Nigel Verdon, co-founder and CEO of the leading global open banking platform Railsbank, has called on the UK industry and regulators to join forces to upgrade existing client money safeguarding regulations in the fintech sector and introduce new provisions for material outsourcers such as card issuing platforms, following the example set by the Monetary Authority of Singapore (MAS).
Verdon said, “I believe fundamental changes could and should be made in the industry to ensure healthy market growth and stability – something that the Wirecard scandal brought to light.
“Being a principal member of both Visa and Mastercard across the globe, our team understands the minutiae of compliance requirements and the role strong governance and standards can play, not only for fintechs, but for the whole financial sector in the UK, Europe and other regions.
“MAS put in place regulation for material outsources to give the industry comfort on matters like orderly shutdown, service levels and step-in rights. Railsbank conforms with those rules to support its customers like Singlife in the region and endorses MAS’ approach.
“eMoney safeguarding regulations in the UK should sit under trust law very much like the FCA’s existing and well-regarded Client Assets Sourcebook (CASS) client money regime. That way we will avoid a similar crisis occurring in the future, where there is conflict between safeguarding in the Financial Services and Markets Act and company liquidation law under the Companies Act where the liquidator on behalf of creditors under certain circumstances can claim client money.”
Joanna Jenkins, Global Compliance Director at Railsbank, former co-chair of ACAMS board – UK chapter and one of the leading authorities on compliance and money laundering in the payments industry said, “The current position creates ambiguity when interpreting existing rules and, in turn, legal uncertainty.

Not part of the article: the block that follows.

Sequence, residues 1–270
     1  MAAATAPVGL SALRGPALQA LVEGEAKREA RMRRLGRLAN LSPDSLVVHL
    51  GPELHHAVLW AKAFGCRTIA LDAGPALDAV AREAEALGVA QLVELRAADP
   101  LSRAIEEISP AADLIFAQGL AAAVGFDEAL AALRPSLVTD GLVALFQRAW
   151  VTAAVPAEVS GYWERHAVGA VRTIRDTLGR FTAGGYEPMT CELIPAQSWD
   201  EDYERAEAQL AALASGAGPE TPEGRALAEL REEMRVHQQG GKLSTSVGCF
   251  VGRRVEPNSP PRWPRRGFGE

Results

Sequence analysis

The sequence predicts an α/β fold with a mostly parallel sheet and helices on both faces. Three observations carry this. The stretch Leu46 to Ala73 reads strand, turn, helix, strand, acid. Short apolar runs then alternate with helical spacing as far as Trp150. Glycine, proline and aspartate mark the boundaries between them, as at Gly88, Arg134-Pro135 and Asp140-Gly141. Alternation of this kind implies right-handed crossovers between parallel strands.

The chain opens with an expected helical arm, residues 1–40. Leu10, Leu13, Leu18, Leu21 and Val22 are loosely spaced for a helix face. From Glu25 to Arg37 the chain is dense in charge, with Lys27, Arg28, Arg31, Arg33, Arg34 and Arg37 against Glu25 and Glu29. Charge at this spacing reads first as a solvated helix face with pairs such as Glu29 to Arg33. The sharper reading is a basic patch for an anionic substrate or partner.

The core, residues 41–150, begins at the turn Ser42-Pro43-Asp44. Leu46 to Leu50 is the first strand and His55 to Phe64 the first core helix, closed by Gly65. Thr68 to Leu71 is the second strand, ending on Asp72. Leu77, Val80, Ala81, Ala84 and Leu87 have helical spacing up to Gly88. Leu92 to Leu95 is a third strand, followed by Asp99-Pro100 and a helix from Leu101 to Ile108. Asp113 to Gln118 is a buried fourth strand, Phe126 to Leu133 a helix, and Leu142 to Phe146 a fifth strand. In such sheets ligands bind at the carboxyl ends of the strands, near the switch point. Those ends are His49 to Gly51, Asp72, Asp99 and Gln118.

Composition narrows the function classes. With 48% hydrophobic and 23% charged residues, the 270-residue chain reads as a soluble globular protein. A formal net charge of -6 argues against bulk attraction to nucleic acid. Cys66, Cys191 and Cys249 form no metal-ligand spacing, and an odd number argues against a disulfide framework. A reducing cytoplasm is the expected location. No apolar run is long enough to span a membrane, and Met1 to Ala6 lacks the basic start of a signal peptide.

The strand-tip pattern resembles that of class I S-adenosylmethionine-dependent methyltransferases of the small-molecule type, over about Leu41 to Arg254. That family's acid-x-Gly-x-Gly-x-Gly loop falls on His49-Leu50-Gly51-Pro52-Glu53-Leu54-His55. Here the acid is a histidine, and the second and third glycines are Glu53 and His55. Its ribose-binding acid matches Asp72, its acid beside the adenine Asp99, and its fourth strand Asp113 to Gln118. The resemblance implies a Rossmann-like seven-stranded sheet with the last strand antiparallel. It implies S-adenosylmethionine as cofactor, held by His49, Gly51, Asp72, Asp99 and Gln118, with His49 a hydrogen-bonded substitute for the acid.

“Railsbank and the industry want to do the right thing by our customers, and that requires clarity. We need a fundamental overhaul to bring it in line with the much better CASS regime and more solid arrangements for customer funds safeguarding. The FCA should continue engaging with the industry to ensure that much-needed change happens.”
Verdon added, “Change is possible. But for that to happen, the industry must unite and work together with all key stakeholders, including the Financial Conduct Authority.”
His call to action was spurred by the FCA’s recent suspension of one of the sector’s main operators, Wirecard Card Solutions (WCS), after the German parent company filed for insolvency. This event caused chaos in the market and threatened to leave a stain on the reputation of the fintech industry.
“This is the Enron for the industry. It’s going to leave a mark,” Verdon said, who likened the current scandal with that of the US energy company in 2001, which led to the company’s bankruptcy and dissolution.
He added, “If the two changes suggested above were implemented, it would have created a far more orderly situation with Wirecard’s collapse and would have had minimal-to-zero impact upon consumers.”